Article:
21st Century Skills

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by Mklinchuch
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21st Century Skills

Created by:Malinda KlinchuchMicaela RossStacy SummersHolly Warrick

Generating effective collaboration and communication are the qualities desired and lacking for modern day engineering companies. Being able to showcase your talents and sale your product to customers is the key to success in the engineering industry.

Our world is changing at an unprecedented pace. To prepare our students, lessons must go beyond the three R's and foster 21st century skills. The skills of the American people are crucial to U.S. competitiveness. To compete as a nation, there is a demand for a fresh approach to public education. 21st century education is the bedrock of competitiveness. Reasons why we need to act now:1.) Fundamental changes in the economy, jobs, and businesses- Our economy is no longer based on manufacturing. It has shifted to a service economy that is driven by information, knowledge, and innovation.2.) New and different skill demands- Jobs require more educated workers with the ability to respond flexibly, manage information, work in teams, and produce new knowledge. 3.) Two achievement gaps-For the past decade, the U.S. has focused nationally on closing the achievement gaps between the lowest-and highest-performing students. This is a legitimate agenda, but it skirts the competitive demand for advanced skills. Equally important is the global achievement gap between U.S. students and their international peers in competitor nations.What we need to do:The nation needs to do a much better job teaching and measuring advanced, 21st century skills that are indispensible currency for participation, achievement, and competitiveness in the global economy. All Americans need 21st century skills that will increase their marketability, employability, and readiness for citizenship. There are six elements for fostering 21st century leanrning (see graphic above).1. EMPHASIZE CORE SUBJECTSKnowledge and skills are based on these subjects: English, language arts, mathematics, science, foreign languages, civics, government, economics, arts, history, and geography. 2. LEARNING & THINKING SKILLSStudents need to know the core subjects, but need to know how to keep learning throughout their lives. These skills compromise broad categories:a.) information & communication b.) critical thinking & problem-solving c.) interpersonal & self-directionald.) creative & collaborative3. ICT LITERACY(Information and Communication Technologies)In a digital world, students must use technology. Tools such as: spreadsheets, word processing, e-mail, Internet search tools, and collaboration tools.4. LIFE SKILLSStudents need to learn academic content through real-world and authentic examples.5. 21st CENTURY CONTENTThree content areas critical for success:a.) global awarenessb.) financial, economic, and business literacy c.) civic literacy6. 21st CENTURY ASSESSMENTThere needs to be high quality standardized tests to measure performance of the above aforementioned elements.We must prepare students, workers, and citizens to triump in the global race!ReferencesEF Explore America (Producer). (2012, March 15). What is 21st century education? [Video file]. Retrieved from https://www.youtube.com/watch?v=Ax5cNlutAys&feature=youtu.bePartnership for 21st Century Skills. Learning for the 21st Century. Retrieved from https://polylearn.calpoly.edu/AY_2014-2015/mod/folder/view.php?id=307655Partnership for 21st Century Skills. (2008). 21st Century Skills, Education, & Competitiveness. Retrieved from https://polylearn.calpoly.edu/AY_2014-2015/mod/folder/view.php?id=307655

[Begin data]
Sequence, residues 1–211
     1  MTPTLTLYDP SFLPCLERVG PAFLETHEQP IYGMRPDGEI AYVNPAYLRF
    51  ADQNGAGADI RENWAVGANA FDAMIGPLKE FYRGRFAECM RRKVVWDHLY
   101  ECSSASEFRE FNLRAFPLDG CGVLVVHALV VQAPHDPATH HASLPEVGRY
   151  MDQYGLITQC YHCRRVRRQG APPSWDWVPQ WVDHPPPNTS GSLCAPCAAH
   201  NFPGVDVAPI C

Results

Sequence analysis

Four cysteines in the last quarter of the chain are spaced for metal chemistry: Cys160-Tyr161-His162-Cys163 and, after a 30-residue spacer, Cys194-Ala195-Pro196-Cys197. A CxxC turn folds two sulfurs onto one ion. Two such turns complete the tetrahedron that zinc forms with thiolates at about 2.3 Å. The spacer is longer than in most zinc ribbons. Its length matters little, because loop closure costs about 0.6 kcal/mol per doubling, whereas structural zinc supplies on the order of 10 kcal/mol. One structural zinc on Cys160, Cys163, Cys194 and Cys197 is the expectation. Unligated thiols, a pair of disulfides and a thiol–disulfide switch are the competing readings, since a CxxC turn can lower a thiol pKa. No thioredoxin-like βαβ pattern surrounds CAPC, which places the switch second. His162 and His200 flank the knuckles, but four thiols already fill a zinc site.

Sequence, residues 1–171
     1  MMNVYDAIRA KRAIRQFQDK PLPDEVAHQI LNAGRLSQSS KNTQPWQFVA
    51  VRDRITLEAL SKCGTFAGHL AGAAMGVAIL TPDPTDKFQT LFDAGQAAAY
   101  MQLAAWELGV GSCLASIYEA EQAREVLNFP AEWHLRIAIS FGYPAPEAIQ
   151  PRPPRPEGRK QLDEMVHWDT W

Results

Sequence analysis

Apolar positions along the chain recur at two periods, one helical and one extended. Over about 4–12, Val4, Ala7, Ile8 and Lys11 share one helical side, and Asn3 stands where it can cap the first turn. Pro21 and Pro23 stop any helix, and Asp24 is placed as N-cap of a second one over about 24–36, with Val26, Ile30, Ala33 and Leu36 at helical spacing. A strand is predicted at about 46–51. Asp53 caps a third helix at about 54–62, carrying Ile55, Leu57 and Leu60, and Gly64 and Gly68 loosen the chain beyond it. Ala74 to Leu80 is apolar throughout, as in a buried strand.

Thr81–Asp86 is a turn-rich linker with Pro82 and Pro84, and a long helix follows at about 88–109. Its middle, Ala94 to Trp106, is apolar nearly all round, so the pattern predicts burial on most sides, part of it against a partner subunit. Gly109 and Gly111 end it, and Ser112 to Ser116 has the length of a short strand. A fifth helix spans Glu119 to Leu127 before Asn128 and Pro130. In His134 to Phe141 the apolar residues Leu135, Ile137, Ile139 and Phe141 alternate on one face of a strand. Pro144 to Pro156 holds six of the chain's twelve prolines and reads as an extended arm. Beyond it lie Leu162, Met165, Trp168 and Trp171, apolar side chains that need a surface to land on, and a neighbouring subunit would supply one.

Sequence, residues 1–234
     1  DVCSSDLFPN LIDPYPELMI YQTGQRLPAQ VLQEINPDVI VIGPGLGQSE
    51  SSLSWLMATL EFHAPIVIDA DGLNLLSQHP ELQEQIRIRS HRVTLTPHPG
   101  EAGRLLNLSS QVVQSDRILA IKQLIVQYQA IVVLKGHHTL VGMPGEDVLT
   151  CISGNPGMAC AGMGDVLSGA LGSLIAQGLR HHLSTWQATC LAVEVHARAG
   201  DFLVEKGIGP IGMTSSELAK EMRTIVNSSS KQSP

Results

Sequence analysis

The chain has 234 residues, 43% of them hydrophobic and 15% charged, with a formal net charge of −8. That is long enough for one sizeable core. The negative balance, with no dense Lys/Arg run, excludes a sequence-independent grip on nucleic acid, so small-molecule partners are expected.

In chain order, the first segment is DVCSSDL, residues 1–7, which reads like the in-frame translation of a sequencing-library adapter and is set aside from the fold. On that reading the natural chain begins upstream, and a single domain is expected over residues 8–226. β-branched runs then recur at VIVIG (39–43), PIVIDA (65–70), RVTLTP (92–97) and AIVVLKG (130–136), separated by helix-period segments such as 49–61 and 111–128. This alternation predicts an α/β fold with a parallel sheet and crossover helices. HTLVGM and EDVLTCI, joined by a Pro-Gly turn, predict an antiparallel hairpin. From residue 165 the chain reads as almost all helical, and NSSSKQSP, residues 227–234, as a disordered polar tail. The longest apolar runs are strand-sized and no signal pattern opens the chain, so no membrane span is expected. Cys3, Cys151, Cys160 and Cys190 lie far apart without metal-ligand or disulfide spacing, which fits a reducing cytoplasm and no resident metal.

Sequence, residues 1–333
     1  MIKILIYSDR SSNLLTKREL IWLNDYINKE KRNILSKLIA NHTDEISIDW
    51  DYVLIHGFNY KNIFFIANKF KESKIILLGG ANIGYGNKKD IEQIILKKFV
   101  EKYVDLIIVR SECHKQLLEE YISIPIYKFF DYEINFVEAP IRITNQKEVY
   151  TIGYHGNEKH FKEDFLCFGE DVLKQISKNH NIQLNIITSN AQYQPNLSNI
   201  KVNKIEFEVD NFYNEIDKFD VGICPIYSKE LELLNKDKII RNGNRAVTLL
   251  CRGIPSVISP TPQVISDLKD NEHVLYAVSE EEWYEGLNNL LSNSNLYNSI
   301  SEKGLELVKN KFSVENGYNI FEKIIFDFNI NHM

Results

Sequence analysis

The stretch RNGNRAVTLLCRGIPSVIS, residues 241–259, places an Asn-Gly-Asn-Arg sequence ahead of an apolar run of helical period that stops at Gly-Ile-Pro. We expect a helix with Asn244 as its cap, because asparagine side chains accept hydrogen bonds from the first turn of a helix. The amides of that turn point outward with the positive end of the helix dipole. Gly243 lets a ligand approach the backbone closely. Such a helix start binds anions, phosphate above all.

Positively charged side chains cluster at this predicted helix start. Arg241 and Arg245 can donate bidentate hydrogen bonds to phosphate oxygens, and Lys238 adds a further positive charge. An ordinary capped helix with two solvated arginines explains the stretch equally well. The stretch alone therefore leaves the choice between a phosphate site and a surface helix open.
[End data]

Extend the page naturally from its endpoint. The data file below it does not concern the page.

Legal Perspective

Hospitality Perspective

Engineering Perspective

Millennials entering the work force need to show professionalism through formal communication, manners, work ethic, and basic technological skills. Currently, a general lack of professionalism is prevalent and additional training is required for social skills for young workers (ages 18-24). In addition, their involvement in social media has had a negative effect on the work environment.

Desired Skills for the Millennial Work Force

Skill Deficits of the Millennial Workforce

Sales Perspective

In the hospitality industry, managers desire employees that have great communication skills and take initiative. Because this is a customer service industry, guests need to be catered to and informed of what is happening. If the menu, activities, etc. are not communicated effectively, guests get upset! According to Kelly Wangard, Executive Chef and Inn Manager at Summerwood Winery, applicants seem to lack the ability to take initative and actively listen. To have repeat customers and great reviews in the hospitality industry, guest need to be heard and taken care of.

Millennials entering the work force need to have professionalism, business skills, technology skills, and knowledge of current trends. They are often lacking formal writing skills, in person communication skills, and commitment to the job.


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